0
Case Reports   |    
Pseudarthrosis following Slipped Capital Femoral Epiphysis: Treatment with Reduction with Use of Gradual Distraction. A Case Report*
DROR PALEY, M.D., F.R.C.S.C.†; BERND FINK, M.D.‡; JOHN E. HERZENBERG, M.D., F.R.C.S.C.§, BALTIMORE, MARYLAND
View Disclosures and Other Information
Investigation performed at Maryland Center for Limb Lengthening and Reconstruction, Baltimore
J Bone Joint Surg Am, 1997 Oct 01;79(10):1552-5
5 Recommendations (Recommend) | 3 Comments | Saved by 3 Users Save Case

Extract

Pseudarthrosis is a rare complication of slipped capital femoral epiphysis. Traumatic pseudarthrosis of the femoral neck is treated with bone-grafting, osteotomy, and open reduction with internal fixation or with osteotomy alone. Severe slips are treated with closed pinning, epiphyseodesis with bone-grafting, open reduction, or osteotomy. Open reduction is associated with a high risk of avascular necrosis. We are not aware of any guidelines for the treatment of pseudarthrosis following slipped capital femoral epiphysis. The purposes of this report are to present the case of a patient who had this rare condition and to discuss alternative methods of treatment.
Figures in this Article

    First Page Preview

    View Large
    />
    First page PDF preview
    Sign In to Your Personal ProfileSign In To Access Full Content
    Not a Subscriber?
    Get online access for 30 days for $35
    New to JBJS?
    Sign up for a full subscription to both the print and online editions
    Register for a FREE limited account to get full access to all CME activities, to comment on public articles, or to sign up for alerts.
    Register for a FREE limited account to get full access to all CME activities
    Have a subscription to the print edition?
    Current subscribers to The Journal of Bone & Joint Surgery in either the print or quarterly DVD formats receive free online access to JBJS.org.
    Forgot your password?
    Enter your username and email address. We'll send you a reminder to the email address on record.

     
    Forgot your username or need assistance? Please contact customer service at subs@jbjs.org. If your access is provided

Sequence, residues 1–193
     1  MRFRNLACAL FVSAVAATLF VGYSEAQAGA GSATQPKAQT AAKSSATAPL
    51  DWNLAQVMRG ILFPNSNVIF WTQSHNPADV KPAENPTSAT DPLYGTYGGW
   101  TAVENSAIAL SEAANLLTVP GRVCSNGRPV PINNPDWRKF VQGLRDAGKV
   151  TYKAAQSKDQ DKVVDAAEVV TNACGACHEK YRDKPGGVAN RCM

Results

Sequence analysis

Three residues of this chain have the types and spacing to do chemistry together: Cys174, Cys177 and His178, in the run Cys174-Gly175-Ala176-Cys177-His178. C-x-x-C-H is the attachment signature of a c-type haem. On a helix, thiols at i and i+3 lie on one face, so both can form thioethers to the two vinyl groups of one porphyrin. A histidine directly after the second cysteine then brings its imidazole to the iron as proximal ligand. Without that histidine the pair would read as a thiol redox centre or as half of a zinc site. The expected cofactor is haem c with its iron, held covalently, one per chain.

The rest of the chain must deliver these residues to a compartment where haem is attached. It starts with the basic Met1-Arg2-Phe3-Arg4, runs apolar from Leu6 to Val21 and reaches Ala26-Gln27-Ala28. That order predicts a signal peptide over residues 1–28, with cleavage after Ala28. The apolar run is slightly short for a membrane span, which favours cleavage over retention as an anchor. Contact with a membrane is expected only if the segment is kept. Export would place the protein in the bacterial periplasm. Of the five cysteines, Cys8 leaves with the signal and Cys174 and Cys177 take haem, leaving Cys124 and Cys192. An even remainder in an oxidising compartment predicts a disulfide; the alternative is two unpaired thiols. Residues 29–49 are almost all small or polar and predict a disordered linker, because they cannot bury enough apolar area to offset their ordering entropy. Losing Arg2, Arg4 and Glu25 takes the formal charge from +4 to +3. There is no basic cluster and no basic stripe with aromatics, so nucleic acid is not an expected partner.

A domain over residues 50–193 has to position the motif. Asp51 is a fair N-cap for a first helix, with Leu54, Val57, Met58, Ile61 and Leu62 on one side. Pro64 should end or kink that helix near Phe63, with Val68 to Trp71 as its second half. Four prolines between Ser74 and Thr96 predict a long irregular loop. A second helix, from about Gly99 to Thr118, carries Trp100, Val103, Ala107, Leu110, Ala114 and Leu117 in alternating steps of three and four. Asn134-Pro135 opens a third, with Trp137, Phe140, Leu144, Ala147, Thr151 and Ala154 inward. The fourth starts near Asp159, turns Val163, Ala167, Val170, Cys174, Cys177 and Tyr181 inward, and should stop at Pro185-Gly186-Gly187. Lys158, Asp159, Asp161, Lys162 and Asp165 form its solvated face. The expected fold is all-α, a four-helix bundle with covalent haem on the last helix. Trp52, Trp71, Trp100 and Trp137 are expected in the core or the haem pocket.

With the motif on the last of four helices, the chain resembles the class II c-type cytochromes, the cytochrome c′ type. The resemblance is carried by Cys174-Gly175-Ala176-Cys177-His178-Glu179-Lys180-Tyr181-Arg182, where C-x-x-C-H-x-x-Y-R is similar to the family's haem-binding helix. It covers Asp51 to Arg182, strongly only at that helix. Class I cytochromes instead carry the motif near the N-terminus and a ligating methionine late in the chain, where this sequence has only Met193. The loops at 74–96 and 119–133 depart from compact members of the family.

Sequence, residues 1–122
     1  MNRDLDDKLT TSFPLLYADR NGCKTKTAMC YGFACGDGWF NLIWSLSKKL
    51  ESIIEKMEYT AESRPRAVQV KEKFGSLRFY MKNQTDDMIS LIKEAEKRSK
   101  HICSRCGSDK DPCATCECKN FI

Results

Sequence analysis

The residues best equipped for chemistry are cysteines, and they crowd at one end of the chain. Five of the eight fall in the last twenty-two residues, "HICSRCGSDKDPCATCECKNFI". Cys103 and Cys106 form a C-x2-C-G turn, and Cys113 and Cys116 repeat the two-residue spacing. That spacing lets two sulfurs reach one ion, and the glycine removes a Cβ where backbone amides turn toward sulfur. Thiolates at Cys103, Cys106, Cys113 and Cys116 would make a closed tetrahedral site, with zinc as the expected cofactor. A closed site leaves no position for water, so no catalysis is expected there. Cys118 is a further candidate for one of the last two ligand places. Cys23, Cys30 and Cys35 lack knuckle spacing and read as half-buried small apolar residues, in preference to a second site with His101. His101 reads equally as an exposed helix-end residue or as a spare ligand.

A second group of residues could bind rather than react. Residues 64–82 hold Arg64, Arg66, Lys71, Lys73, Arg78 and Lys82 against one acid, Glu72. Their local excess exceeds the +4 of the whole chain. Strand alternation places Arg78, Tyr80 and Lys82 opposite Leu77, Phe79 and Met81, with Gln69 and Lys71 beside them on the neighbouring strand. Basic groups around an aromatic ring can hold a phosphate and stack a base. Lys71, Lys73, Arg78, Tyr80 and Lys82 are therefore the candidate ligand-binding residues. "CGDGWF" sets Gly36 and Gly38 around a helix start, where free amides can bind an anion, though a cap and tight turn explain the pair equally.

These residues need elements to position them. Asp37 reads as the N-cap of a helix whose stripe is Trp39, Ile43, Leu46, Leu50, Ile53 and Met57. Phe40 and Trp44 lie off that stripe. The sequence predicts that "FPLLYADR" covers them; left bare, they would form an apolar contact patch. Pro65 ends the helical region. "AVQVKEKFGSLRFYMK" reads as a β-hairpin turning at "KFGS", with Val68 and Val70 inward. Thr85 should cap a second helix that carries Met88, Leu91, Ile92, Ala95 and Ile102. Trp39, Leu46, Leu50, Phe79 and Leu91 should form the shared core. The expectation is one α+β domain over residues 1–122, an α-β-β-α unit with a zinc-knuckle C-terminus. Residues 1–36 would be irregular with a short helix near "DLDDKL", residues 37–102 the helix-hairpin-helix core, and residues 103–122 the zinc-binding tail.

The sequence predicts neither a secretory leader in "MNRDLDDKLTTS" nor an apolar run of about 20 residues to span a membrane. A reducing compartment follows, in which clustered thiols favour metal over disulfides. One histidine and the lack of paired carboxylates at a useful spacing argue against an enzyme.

by your institution, please contact you librarian or administrator for username and password information. Institutional
    administrators, to reset your institution's master username or password, please contact subs@jbjs.org

    References

    Accreditation Statement
    These activities have been planned and implemented in accordance with the Essential Areas and policies of the Accreditation Council for Continuing Medical Education (ACCME) through the joint sponsorship of the American Academy of Orthopaedic Surgeons and The Journal of Bone and Joint Surgery, Inc. The American Academy of Orthopaedic Surgeons is accredited by the ACCME to provide continuing medical education for physicians.
    CME Activities Associated with This Article
    Submit a Comment
    Please read the other comments before you post yours. Contributors must reveal any conflict of interest.
    Comments are moderated and will appear on the site at the discretion of JBJS editorial staff.

    * = Required Field
    (if multiple authors, separate names by comma)
    Example: John Doe





    Related Content
    The Journal of Bone & Joint Surgery
    JBJS Case Connector
    Topic Collections
    Related Audio and Videos
    PubMed Articles
    Clinical Trials
    Readers of This Also Read...
    JBJS Jobs
    12/04/2013
    New York - Icahn School of Medicine at Mount Sinai
    12/31/2013
    S. Carolina - Department of Orthopaedic Surgery Medical Univerity of South Carlonina
    04/02/2014
    W. Virginia - Charleston Area Medical Center
    02/28/2014
    District of Columbia (DC) - Children's National Medical Center